By Joseph Tsidulko
By Patrick Range McDonald
By David Futch
By Hillel Aron
By Dennis Romero
By Jill Stewart
By Dennis Romero
By Dennis Romero
“Statistics say one thing, and reality says another. Statistics say violence is down, but that’s because many have already been driven from their homes,” says Malou Innocent, a foreign-policy analyst at the libertarian Cato Institute. “If we don’t address the situation now, the next generation of Iraqis will remember this. They will remember that they weren’t helped.”
The Iraqi government has economic and political incentives to encourage refugees to return home, Kurtzer says. Most of the Iraqis who have fled are well-educated and highly skilled, and their nation needs them to rebuild the country. If they return, it would also look good for the Iraqi government, because it would signal that the nation is more stable and secure. Nonetheless, humanitarian and advocacy organizations working with Iraqi refugees say they have not seen significant numbers of Iraqis return home and do not expect to anytime soon.
“The reality is that despite the security gains that have been made in some parts of the country,” Kurtzer offers, “the center of the country is still very, very unsafe, and the vast majority of the people who have fled have fled from that part of the country.”
Iraqis living in Syria or Jordan may be barely able to feed their families and cannot afford decent living conditions, but they can buy a cheap cell phone on any street corner and get the latest information on the security situation back home, International Rescue’s Carey says. And their friends and family consistently tell them that it is not safe to return. A spike in violence in April magnified the perception that it is not yet safe to return.
Extremists in Iraq target anyone who they think disagrees with them, but Christian Iraqis have been particularly persecuted. Social-services officials and immigration attorneys working with Iraqi refugees in the United States say fanatics in Iraq have burned down Christian homes and churches; raped women and girls; kidnapped, tortured and killed family members; bombed schools and nunneries; poured acid on women who don’t wear the hijab; threatened Christians with death if they don’t convert; and killed the leader of the Chaldeans in Mosul, Archbishop Paulos Faraj Rahho.
“The religious minorities are fleeing an increased level of persecution from Islamic extremists or terrorist groups,” says Ginger Jacobs, an immigration lawyer who represents Iraqis in San Diego.
Small minority groups like the Chaldeans and Mandaeans were largely tolerated under Saddam Hussein’s regime, but they have faced violence since the United States started the war, according to Jacobs and other immigration attorneys and Middle East experts. Extremists have persecuted Christian Iraqis, in part on account of religion, and in part because of resources, Jacobs says. Some insurgents perceive Christians as either wealthy or having ties to relatives in the West, who could pay hefty ransoms. It is these Iraqis who are most vulnerable and unable to return home.
“What has been an even more recent trend, say, post-2006,” Jacobs continues, “is a lot more murders, not just kidnappings for ransom. There have been kidnappings, ransom paid, and then the person is not released. So the situation does seem to be getting more severe.”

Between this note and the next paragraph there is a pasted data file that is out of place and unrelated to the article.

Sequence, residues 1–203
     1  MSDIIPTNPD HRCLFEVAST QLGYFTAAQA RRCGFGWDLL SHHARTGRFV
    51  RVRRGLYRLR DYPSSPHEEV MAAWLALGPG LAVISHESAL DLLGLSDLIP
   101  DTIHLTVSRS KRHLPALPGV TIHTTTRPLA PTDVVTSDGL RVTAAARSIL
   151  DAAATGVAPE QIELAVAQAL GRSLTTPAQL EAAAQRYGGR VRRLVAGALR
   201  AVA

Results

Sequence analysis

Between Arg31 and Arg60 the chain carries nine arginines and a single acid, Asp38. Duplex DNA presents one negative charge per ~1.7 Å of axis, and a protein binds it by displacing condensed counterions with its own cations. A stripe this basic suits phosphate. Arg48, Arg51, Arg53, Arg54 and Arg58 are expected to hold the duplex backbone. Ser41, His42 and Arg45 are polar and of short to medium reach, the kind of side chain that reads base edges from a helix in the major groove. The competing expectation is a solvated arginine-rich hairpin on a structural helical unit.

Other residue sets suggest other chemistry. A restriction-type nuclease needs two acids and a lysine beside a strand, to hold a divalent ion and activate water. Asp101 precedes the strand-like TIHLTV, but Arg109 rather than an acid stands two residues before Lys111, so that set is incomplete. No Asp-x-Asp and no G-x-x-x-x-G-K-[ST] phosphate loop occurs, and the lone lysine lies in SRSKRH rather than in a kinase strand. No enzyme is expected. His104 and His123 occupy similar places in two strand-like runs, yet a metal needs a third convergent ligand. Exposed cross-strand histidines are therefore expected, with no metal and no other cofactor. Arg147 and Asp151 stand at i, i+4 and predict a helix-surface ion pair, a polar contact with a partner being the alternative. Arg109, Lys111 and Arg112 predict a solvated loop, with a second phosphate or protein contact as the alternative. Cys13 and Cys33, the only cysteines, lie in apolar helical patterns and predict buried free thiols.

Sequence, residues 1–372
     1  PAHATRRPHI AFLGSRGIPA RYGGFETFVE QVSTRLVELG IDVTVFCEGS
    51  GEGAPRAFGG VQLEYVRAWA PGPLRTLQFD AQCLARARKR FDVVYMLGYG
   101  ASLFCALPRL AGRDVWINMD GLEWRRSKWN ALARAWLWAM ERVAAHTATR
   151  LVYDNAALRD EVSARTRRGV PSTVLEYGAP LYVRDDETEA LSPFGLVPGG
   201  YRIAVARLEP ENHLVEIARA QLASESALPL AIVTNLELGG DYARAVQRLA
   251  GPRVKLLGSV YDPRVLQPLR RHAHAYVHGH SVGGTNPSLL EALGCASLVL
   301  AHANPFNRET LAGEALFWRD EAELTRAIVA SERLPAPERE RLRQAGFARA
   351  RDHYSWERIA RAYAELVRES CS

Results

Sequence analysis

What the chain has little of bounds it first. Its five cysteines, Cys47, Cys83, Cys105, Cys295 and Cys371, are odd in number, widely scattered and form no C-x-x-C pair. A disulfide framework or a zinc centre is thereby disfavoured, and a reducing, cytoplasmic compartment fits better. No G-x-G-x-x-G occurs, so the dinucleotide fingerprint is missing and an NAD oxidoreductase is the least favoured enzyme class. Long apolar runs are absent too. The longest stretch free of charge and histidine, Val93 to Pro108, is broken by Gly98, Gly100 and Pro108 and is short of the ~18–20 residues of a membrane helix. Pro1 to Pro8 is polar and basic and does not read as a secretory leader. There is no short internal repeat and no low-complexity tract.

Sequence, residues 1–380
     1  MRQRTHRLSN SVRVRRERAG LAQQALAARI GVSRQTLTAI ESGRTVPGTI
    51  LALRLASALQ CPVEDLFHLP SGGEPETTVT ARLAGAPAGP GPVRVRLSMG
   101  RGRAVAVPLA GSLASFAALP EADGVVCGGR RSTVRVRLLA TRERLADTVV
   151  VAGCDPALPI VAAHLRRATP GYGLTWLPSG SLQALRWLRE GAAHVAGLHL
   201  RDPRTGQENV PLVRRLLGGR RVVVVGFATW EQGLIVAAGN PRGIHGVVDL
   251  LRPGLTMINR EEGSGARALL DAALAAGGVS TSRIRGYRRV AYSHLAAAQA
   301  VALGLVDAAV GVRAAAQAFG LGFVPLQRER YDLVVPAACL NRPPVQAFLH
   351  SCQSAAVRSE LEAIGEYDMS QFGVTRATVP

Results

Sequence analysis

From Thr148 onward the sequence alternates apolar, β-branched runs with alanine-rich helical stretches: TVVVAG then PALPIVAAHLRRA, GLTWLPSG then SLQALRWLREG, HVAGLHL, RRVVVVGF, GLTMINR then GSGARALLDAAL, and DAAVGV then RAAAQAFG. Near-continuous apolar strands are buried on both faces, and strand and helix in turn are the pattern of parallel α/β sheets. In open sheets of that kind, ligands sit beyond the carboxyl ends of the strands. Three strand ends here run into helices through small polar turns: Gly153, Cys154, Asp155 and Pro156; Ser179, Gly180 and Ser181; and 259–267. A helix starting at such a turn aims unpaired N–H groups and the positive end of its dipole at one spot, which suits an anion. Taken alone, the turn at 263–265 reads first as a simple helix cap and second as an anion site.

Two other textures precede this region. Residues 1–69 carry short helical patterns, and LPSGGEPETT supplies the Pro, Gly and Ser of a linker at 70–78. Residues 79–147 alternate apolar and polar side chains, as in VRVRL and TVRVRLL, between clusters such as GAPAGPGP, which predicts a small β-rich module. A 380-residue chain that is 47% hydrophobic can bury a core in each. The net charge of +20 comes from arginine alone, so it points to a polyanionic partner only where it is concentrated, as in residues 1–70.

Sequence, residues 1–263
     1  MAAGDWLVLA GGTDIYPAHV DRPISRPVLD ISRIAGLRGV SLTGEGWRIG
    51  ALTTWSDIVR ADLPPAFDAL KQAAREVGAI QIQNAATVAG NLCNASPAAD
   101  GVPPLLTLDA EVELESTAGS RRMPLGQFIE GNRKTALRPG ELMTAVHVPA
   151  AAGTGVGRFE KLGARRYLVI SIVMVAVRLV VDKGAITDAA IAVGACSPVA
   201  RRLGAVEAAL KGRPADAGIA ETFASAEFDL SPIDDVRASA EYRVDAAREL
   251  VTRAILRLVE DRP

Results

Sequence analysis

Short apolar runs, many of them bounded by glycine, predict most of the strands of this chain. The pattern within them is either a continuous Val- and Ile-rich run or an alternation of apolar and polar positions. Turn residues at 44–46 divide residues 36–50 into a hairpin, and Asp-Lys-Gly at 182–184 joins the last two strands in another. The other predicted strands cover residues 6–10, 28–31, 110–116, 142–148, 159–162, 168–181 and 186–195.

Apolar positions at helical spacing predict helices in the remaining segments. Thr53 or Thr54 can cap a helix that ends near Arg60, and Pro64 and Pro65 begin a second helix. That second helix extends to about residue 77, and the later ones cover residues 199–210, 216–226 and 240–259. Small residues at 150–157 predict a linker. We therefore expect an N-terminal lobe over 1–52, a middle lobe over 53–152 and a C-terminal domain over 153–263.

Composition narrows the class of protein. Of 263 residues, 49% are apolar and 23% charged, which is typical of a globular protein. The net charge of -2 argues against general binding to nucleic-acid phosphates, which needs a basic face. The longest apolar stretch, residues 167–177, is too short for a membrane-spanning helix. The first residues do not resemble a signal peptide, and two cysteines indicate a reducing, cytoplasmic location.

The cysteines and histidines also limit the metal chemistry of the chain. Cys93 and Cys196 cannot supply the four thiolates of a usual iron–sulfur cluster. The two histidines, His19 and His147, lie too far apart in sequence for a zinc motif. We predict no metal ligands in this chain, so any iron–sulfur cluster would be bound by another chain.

The troubles of displaced Iraqis are further exacerbated because the current U.S. plan to resettle refugees leaves many of them vulnerable in America: no job or family to support them. Once they arrive here, they face difficulties finding employment, speaking the language and being able to afford the high cost of living and an expensive family-reunification process. And that is during normal economic times. Add to this a nationwide financial crisis, and many refugees are on the brink of homelessness. The resettlement program was chronically underfunded for decades, but the problems were masked by a strong economy, Human Rights First’s Templeton says. Now that the economy has tanked, all the problems are on full display.
“The U.S. resettlement program has for some years been underfunded and hasn’t changed significantly for the last 30 years,” Carey says. “What we knew to be problems or deficiencies in the past were brought into sharp focus by the downturn.”
The holes in the program used to be filled with the help of private donations, but the economic crisis has made it much harder for resettlement agencies to secure private funding, Templeton adds.
Father Michael Bazzi at St. Peter says the church collects money from its members every Sunday in order to donate goods to the community. In the past, they used the money to donate blankets and mattresses to needy families, most of whom recently came from Iraq. But over the past few weeks the church has not been able to donate anything because it does not have the needed resources.
The government provides refugees cash assistance and case management, including employment services for up to the first eight months after they arrive here, but the money is barely enough to survive on. In California, an unmarried refugee receives $359 a month, a couple receives $584, and a family of four receives $862, according to Catholic Charities, which administers the money for refugees.